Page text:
Note that currently several amendments to CCPA are under consideration including AB 25 (proposed by Assemblyman Chau) excluding employees from the definition of ‘consumer’. As of 8/4/2019 the exclusion has a sun-set provision of Jan 2021 and appears to be moving along through the legislative process and it is likely to be incorporated into the upcoming ‘clean-up bill.
 Note the language in the definition states “[I]nformation that identifies, relates to, describes, is capable of being associated with, or could reasonably be linked, directly or indirectly, with a particular consumer or household.” (Cal. Civ. Code § 1798.140(o)(1)). It is unclear if the reference ‘directly or indirectly’ should be interpreted to relate only to “could reasonably be linked” or to each and every element that precedes it. In any event, the reference clearly expand the definition to include information that makes an individual identifiable.
 See the section on exclusions below for the statutory definition of anonymous data under CCPA.
 Cal. Civ. Code § 1798.145(i) states “This title shall not be construed to require a business to reidentify or otherwise link information that is not maintained in a manner that would be considered personal information.”
 Cal. Civ. Code § 1798.145(i) states “This title shall not be construed to require a business to reidentify or otherwise link information that is not maintained in a manner that would be considered personal information.”
 Under Cal. Civ. Code § 1798.140(g) a natural person who is a “California resident”, as defined in Section 17014 of Title 18 of the California Code of Regulations, as that section reads on September 1, 2017. Section 17014 of Title 18 of the California Code of Regulations. defines residence for the purpose of requirement to pay taxes in California and the underlying logic behind it is that the state with which a person has the closest connection during the taxable year is the state of his residence (i.e. the state where the individual is to pay taxes for all of his/her income). Under this definition, an individual may be a resident although not domiciled in California, and, conversely, may be domiciled in California without being a resident.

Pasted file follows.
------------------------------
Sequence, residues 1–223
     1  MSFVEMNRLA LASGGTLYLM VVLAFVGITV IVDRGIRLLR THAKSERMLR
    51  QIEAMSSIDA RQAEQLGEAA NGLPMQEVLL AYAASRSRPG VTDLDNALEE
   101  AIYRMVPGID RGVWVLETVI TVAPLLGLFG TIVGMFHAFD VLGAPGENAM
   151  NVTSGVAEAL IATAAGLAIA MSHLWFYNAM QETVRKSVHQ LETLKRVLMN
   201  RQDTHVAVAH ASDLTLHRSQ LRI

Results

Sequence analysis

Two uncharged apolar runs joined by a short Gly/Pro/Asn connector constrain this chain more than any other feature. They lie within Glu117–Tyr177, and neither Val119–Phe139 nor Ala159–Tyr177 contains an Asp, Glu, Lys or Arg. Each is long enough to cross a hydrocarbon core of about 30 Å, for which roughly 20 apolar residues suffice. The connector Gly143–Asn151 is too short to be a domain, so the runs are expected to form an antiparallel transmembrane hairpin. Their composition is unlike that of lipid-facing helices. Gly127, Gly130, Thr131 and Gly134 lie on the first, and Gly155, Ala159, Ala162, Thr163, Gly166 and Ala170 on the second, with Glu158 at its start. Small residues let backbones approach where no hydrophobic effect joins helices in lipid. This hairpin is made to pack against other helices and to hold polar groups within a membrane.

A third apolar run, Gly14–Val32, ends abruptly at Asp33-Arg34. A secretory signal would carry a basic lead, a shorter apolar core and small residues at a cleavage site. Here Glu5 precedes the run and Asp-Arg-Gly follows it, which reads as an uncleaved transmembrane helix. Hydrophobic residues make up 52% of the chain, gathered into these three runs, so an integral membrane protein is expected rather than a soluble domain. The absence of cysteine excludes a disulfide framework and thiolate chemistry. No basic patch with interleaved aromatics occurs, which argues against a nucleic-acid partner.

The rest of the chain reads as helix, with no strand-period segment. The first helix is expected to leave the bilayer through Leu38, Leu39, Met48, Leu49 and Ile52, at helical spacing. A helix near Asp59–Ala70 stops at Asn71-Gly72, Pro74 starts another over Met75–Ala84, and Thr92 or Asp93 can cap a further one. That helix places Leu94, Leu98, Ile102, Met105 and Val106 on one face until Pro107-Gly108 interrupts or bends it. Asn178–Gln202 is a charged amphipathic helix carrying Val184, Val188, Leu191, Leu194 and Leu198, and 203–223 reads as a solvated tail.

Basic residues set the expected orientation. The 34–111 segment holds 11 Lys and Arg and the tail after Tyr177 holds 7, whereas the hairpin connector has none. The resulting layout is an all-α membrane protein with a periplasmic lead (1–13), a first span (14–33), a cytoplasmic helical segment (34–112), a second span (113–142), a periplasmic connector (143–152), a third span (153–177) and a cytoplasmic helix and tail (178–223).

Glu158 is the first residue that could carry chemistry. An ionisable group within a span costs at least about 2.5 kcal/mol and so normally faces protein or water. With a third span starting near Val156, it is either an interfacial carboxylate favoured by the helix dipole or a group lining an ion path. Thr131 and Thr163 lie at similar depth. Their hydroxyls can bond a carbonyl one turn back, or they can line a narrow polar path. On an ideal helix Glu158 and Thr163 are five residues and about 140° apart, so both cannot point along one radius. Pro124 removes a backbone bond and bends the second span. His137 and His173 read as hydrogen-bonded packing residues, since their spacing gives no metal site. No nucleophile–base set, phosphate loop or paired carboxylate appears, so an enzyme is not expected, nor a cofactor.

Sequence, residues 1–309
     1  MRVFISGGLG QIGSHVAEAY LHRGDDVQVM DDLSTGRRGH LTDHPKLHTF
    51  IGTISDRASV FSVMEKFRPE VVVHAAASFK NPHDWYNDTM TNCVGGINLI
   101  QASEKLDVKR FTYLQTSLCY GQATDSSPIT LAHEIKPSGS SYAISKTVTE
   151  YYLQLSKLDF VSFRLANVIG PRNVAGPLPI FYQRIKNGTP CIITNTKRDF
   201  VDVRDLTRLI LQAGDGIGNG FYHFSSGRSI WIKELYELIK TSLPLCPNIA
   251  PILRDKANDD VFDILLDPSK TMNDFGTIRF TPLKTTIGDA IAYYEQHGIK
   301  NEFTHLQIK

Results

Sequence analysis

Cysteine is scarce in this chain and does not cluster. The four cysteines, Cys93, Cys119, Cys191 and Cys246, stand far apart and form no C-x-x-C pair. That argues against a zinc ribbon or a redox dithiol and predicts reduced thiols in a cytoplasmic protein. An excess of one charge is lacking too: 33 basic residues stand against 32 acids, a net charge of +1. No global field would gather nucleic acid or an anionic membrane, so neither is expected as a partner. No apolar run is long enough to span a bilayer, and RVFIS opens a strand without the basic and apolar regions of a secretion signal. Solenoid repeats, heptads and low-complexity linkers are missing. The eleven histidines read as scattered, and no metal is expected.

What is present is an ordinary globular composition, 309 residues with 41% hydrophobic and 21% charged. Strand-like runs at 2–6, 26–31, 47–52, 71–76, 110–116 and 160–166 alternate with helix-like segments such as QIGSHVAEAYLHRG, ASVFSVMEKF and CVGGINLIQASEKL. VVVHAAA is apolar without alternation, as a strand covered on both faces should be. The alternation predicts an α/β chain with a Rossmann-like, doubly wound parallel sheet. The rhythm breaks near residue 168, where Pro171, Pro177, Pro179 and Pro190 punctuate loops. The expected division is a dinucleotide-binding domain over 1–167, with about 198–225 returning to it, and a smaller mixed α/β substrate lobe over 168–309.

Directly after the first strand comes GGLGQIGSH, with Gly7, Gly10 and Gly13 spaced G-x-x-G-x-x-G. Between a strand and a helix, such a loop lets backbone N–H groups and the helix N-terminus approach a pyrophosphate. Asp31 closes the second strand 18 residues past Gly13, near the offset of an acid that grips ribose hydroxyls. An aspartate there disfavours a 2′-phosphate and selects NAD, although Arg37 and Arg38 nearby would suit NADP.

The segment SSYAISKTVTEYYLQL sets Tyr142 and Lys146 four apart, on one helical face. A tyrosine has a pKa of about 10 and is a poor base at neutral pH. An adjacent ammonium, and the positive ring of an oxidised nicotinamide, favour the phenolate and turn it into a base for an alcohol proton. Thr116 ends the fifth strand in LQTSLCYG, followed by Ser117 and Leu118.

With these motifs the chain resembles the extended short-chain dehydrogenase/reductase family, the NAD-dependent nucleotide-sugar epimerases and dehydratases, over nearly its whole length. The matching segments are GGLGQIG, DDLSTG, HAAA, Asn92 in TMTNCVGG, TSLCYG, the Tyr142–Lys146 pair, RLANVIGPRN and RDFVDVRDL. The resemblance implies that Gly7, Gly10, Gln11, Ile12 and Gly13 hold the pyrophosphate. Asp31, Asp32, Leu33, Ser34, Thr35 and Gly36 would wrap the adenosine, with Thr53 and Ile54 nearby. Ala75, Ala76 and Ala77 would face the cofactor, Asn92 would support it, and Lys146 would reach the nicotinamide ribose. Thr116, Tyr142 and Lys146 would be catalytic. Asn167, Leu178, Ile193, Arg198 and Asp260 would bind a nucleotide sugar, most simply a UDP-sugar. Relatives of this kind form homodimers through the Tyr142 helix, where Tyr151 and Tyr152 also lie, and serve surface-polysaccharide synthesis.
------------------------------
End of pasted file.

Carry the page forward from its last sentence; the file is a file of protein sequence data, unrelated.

The rights to access, erase and opt-out are granted by CCPA exclusively over personal information related to a ‘consumer” and reading them as relating to ‘household’ data that is not personal information of the consumer making the request is clearly disingenuous. (For right of access see Cal. Civ. Code § 1798.100 (a) “[a]consumer shall have the right to request that a business that collects a consumer’s personal information disclose to that consumer” and Cal. Civ. Code § 1798.115 (a) ‘[a] consumer shall have the right to request that a business that sells the consumer’s personal information, or that discloses it for a business purpose, disclose to that consumer’. For the right to erase see Cal. Civ. Code § 1798.105 (a) “[a] consumer shall have the right to request that a business delete any personal information about the consumer”. For right to opt-out see Cal. Civ. Code § 1798.120 (a) “[a] consumer shall have the right, at any time, to direct a business that sells personal information about the consumer to third parties not to sell the consumer’s personal information.”(Bold added for emphasis)).
 Under CCPA a “consumer’ is an individual that is a resident of the California for tax purposes. (See, Cal. Civ. Code § 1798.140(g)).
 See, Cal. Civ. Code § 1798.100 (a) stating that consumer has the right to request “that a business that collects a consumer’s personal information disclose to that consumer”.
 See, Cal. Civ. Code § 1798.110. (a) (5) which states “[a] consumer shall have the right to request that a business that collects personal information about the consumer disclose to the consumer the following: […] (5) The specific pieces of personal information it has collected about that consumer.”
 See Cal. Civ. Code § 1798.110 (a)(1)“[a] consumer shall have the right to request that a business that collects personal information about the consumer disclose to the consumer the following: (1) The categories of personal information it has collected about that consumer.” See also Cal. Civ. Code § 1798.110 (a)(2)“[a] consumer shall have the right to request that a business that collects personal information about the consumer disclose to the consumer the following: The categories of sources from which the personal information is collected.” which could be read to require disclosure of sources both for information collected about the consumer and about the household where he/she resides (bold added for emphasis))
 See Cal. Civ. Code § 1798.125
 The current version of Cal. Civ. Code § 1798.140(o)(2) is expected to be corrected to eliminate the last sentence (that is to say, to eliminate “[…] “Publicly available” does not include consumer information that is de-identified or aggregate consumer information”. In addition, Assembly Bill 874 (AB-874) will likely widen the concept of ‘public information’.